late in 2003 that I realized something had to be done with Mom.
She had reached the end of her ability to manage her affairs
independently, and the reports I got from family and friends in
Illinois began to fill me with alarm.
Long Distance Caring
by Emily Carton
It is not uncommon for families to be separated by great
distances. But what happens when one or both parents reach a stage in
their lives where they appear to be frail and vulnerable?..
Long Term Care Facilities
By Michael Plontz
It is often a difficult decision for family members to admit a loved
one into a long-term care facility. It is equally difficult to learn there
is a problem with the facility and/or staff after you thought your loved
one was safe and secure......Continued
The Caregiver Friendly Award deadline has
been extended to
February 28, 2005!
You still have time to enter the best of
your Caregiver Friendly solutions for
consideration and be part of a select group honored with Today’s Caregiver
magazine’s Caregiver Friendly Award. <<read
Caregiver.com Online Store
Hiring Private Duty Home Care Workers:
Why Work through an Agency?
By Rona S. Bartelstone, LCSW, BCD, CMC
One of the greatest long-term needs of older adults and those with
chronic illnesses is for in-home, custodial care services. These
workers are often referred to as home health aides, certified
nursing assistants and custodial care workers.....Continued
Wellspring Source: Still Waters Run Deep
by Dr. Marie DiCowden
Meditation is a process that, over time, brings about profound
changes These changes include actual increase in energy and decrease in
debilitating physical and emotional problems.
F r o m O u r R e a d e r s
My husband was diagnosed
with ALS, Amyotrophic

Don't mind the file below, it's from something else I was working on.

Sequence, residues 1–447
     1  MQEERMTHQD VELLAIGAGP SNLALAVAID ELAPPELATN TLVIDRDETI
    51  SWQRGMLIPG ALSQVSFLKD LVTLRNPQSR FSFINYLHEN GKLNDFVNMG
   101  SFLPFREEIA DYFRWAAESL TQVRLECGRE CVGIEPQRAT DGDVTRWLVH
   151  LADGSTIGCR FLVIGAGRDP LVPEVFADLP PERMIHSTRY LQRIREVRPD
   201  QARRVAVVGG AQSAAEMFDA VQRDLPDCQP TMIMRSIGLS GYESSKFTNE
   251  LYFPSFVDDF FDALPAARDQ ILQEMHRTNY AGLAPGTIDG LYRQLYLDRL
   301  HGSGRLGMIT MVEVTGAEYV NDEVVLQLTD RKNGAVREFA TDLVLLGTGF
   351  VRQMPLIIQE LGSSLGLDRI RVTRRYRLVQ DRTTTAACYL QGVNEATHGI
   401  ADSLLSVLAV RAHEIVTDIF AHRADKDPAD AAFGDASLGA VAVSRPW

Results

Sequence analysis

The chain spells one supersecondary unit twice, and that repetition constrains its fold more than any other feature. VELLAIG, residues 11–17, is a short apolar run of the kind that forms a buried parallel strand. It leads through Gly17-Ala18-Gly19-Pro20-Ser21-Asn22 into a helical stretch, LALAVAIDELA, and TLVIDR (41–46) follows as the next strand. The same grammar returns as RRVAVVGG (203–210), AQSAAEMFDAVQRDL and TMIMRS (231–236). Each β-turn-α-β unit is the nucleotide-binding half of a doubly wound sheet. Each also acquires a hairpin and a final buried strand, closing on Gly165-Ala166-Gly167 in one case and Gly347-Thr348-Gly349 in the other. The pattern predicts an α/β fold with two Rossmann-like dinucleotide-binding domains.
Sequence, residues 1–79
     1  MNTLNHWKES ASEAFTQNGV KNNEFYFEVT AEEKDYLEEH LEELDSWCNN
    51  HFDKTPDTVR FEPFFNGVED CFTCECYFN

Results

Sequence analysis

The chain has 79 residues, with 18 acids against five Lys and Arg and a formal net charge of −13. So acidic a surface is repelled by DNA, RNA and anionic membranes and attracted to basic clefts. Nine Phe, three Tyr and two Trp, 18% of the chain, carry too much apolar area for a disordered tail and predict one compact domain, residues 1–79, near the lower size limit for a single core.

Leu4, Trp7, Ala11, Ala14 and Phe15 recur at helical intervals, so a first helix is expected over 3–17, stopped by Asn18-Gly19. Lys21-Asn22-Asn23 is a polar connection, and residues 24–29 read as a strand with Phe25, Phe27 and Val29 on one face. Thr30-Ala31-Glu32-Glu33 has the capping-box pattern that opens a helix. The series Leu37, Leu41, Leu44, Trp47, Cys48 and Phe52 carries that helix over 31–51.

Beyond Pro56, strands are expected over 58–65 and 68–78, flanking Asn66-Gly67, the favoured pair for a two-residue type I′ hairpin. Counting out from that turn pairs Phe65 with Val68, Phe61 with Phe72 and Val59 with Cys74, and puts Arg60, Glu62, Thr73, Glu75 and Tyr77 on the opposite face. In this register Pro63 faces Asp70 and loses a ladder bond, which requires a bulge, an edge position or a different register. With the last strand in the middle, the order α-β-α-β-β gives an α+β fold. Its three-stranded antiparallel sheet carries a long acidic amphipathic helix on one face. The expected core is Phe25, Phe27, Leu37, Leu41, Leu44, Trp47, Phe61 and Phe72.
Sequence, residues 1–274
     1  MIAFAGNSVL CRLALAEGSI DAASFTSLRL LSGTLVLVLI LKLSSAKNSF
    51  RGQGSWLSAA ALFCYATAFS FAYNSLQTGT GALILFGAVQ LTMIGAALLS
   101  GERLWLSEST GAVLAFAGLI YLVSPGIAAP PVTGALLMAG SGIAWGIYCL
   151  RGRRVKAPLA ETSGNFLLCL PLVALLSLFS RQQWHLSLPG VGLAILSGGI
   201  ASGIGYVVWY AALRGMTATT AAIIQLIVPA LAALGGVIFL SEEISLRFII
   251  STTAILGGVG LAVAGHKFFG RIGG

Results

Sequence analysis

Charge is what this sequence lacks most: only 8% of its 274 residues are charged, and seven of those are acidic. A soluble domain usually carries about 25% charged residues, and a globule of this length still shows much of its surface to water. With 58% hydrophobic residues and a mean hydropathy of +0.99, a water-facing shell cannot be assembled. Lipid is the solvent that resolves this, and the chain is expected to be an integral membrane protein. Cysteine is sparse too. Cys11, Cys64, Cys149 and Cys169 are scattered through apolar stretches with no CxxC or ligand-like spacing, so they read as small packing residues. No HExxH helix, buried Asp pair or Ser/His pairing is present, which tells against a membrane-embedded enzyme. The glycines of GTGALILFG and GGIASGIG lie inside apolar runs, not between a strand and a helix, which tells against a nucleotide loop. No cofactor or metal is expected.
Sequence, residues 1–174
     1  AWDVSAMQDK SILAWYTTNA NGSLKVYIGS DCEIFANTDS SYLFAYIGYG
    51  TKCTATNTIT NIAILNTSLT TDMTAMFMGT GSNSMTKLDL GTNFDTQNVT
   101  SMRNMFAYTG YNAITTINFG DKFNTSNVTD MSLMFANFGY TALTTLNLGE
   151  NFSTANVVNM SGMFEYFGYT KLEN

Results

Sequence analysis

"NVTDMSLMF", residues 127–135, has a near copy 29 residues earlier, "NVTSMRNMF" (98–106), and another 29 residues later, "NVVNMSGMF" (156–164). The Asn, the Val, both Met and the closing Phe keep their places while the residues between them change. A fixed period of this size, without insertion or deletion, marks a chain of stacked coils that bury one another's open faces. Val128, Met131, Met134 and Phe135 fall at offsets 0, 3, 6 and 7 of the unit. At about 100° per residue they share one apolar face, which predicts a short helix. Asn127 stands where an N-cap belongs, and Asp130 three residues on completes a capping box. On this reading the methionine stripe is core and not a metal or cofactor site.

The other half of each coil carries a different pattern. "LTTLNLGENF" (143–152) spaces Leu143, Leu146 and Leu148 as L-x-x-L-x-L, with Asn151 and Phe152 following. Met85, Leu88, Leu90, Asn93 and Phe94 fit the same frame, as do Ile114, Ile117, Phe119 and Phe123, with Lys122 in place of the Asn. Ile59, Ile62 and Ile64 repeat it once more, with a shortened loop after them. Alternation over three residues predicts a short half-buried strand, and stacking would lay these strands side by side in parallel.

Lateral Sclerosis or
better known as Lou
Gehrig Disease in 2000.
He cannot walk, eat, use
his hands, arms or talk.
I am my husband's full
time caregiver 24x7 365.
He went to the hospital
for a feeding tube
placement because he
could no longer eat or
swallow. After his
surgery he had
which put him on a vent
with trach which he will
live with for the rest
of his life.
The reason I am writing
is because there are
several agency that will
but they will not pay
the spouse to care for
her husband. How
does that make sense? I
would like to know if
there is anything
offered within the
states or federally for
caregivers that care for
there spouses to receive
I would love to be able
to go to a job for 40
hours a week, but
instead I have chosen to
stay home and care for
my husband, which is 168
hours a week. Please
don't get me wrong,
I am not complaining. I
wouldn't want to be any
where else at this time.
But I know no one that
would work at a job 168
hours a week and not get
paid. Also because I am
no longer working I will
not be eligible for
Disability after five
I have heard in Oregon
that they will pay a
spouse to be a caregiver
if it is 24
hour constant care.
How does that work? I
probably do the work of
five people but all I
want is to get paid for
one. Caring for someone
at home is very
expensive that demands
so much care as my
So if you could please
direct me to the proper
place that will
caregiving as a job, and
pay me for a job well
doesn't pay the bills
and if it did, I
would not be writing
this letter at all.
Thank you in advance for
reading my letter.